Agonising death of the King of the Jungle: Young lion doomed to starve after poacher’s snare got caught so tightly round his neck he couldn’t eat.

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“This is so tragic, a beautiful beast, reduced to this, by the hands of humans, is both disgraceful & heartbreaking!. More must be done to protect the few wild carnivores left on this, human poached earth!”  I am presuming whoever took this photo didn’t have a tranquilizer or some other gun… if they had,  surely they would have used it! I hate to say it, but it would have been kinder to put the poor  animal to sleep, than leave it to die a slow, painful death”. 

It is a heartrending sight.

Wire snare caught so tightly around his neck he cannot eat, this young male lion is doomed to die a slow and agonising death.

Within a matter of days he will be lying in the African bush gasping his last breath.

Nor is he alone in his grim fate. The sight is increasingly common in parts of the continent when a growing number of lions have fallen victim to poaching.

Some wander by mistake into snares that are meant for other animals such as antelope which are hunted by poachers for bushmeat.

Desperately injured: The young male lion cub was spotted in Mikumi National Park in Tanzania with a poacher’s snare twisted cruelly round his neck
Doomed to die: The wire was twisted so tight that the lion was unable to eat

Others, whoever, are being deliberately poached for their body parts.

There is now a growing demand for lion claws and bones in parts of the Far East for use in traditional medicines.

The huge animals are hunted more and more as a substitute for tigers, whose body parts have traditionally been used for the Chinese medicine market.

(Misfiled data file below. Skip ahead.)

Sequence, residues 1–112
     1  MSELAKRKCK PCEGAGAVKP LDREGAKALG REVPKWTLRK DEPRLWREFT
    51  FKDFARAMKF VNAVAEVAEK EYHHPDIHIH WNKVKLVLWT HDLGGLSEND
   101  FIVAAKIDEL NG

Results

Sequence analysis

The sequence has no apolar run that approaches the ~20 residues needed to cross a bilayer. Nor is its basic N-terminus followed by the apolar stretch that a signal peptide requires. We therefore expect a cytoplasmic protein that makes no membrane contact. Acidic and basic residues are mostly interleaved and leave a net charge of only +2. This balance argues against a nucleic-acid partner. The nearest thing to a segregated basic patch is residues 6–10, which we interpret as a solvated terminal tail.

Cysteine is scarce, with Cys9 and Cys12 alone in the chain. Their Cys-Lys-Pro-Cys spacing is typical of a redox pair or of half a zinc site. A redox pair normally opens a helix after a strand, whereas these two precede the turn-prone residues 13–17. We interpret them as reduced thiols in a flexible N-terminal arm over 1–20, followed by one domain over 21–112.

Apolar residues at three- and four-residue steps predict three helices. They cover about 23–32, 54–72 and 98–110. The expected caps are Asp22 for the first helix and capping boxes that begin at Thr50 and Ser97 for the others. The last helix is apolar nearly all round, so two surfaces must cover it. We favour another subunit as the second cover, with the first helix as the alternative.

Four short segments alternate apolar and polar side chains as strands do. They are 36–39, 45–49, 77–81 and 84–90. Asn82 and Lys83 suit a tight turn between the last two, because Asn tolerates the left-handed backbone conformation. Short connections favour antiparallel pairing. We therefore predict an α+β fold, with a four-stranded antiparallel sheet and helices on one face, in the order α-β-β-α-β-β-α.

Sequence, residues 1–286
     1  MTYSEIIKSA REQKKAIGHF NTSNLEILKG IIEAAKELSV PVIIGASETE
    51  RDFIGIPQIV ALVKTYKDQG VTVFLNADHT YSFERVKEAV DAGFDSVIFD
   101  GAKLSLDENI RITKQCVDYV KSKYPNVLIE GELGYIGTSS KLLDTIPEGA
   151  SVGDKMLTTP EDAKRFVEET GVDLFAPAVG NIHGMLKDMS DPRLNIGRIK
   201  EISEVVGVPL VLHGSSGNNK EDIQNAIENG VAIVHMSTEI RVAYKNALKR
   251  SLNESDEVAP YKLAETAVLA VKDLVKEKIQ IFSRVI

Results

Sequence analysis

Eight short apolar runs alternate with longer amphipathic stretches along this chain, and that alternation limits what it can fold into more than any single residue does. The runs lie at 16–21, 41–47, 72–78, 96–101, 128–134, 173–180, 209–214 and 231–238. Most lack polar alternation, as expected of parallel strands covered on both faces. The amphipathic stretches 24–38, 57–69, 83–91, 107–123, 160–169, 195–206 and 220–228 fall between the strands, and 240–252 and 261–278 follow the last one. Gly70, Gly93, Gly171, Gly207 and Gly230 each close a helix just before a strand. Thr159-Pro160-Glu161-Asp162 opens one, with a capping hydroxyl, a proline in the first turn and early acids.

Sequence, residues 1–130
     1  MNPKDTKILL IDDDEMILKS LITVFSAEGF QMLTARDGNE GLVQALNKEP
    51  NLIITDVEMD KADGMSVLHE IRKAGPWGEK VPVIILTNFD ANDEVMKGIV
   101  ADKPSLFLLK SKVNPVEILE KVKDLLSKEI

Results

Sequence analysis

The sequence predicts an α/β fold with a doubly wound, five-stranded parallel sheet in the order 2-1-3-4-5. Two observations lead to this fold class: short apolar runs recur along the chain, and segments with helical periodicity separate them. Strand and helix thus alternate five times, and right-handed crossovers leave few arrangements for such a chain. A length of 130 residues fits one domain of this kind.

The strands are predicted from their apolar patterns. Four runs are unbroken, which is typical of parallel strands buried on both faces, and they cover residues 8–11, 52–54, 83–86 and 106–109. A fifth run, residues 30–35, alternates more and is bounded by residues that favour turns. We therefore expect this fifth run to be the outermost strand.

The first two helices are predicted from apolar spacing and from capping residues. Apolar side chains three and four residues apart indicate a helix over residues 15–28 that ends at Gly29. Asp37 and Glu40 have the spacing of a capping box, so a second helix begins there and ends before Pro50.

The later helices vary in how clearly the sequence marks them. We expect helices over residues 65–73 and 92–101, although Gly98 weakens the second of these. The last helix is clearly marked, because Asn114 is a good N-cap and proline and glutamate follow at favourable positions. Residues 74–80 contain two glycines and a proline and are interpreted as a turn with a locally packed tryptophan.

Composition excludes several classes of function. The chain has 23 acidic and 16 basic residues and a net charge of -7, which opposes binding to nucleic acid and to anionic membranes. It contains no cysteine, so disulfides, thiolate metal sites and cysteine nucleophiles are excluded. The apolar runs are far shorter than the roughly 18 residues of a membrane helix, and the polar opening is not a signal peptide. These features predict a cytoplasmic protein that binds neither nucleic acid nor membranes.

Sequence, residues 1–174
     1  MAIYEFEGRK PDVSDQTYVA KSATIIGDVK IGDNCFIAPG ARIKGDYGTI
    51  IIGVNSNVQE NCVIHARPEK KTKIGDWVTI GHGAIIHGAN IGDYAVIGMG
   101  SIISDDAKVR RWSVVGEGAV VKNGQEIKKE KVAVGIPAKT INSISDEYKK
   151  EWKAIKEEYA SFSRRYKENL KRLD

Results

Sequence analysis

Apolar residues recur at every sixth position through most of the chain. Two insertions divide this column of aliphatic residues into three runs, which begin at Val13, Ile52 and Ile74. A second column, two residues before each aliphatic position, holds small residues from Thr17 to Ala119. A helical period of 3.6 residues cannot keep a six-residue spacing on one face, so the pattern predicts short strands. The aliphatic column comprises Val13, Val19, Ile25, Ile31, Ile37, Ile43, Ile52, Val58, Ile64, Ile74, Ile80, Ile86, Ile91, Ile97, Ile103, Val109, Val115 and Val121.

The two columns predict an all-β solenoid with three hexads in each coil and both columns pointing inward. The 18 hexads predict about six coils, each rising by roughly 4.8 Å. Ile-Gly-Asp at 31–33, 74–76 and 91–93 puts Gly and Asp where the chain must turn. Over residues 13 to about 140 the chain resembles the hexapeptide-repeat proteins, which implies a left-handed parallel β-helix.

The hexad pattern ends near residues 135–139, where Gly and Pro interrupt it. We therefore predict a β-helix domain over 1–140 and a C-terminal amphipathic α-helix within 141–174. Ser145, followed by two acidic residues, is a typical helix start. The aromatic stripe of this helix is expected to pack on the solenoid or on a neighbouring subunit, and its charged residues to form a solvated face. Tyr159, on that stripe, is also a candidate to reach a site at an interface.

Tigers are now so scarce in the wild that poachers have turned to a another target.

A sharp increase in the lion bone trade suggests that these are being swapped for tiger bones. Pelts and claws are also being used.

Dr Pieter Kat, from LionAid, said: ‘There has been a huge jump recently in the value of lion bones driven by the traditional medicine market, seeing as we have so few tigers.

‘Since tiger bones are now so difficult to obtain there has been a switch to lion bones.’

The final journey: The lion slopes off into the long grass of the park where he would soon die either of starvation or infection

In the 1990s, 1kg of lion bones were worth just $10, but now that has massively increased to $300 in 2010.

And its reflected in the figures that show the populations of lions are on a serious decline. There were an estimated 200,000 lions in Africa in the sixties. This has dropped massively now to just 23,000- 25,000

A source said: ‘Only a few weeks ago we saw this lion with a snare around its neck in Mikumi National Park in Tanzania.

‘The park rangers tried to track it with the intention of trying to remove the snare from around its neck, but by the time they arrived at the location, the lion had disappeared into the bush.

‘It wouldn’t have survived for many more days. Already the wound was gaping, open to infection and covered in flies.

‘And it was so tight around its neck that it would have found it impossible to eat. It would have either died from infection or starvation.’

Just several days before that, two lions were found dead in Mikumi National Park, in Northern Tanzania, with their claws removed.

Tanzanian National Park Authorities have anti-poaching patrols, but with 25 per cent of Tanzania’s land set aside for conservation purposes, the area is a large area to police.

There are projects such as the SANA Project in Tanzania, set up by the Saadani Safari Lodge, to allow poorer communities to develop whilst protecting the national park areas.

It is hoped that projects such as these will help protect and preserve the wildlife for the future.

Read more: http://www.dailymail.co.uk/news/article-2147630/Lion-poachers-wire-neck-Tanzania.html#ixzz1vaqohNTM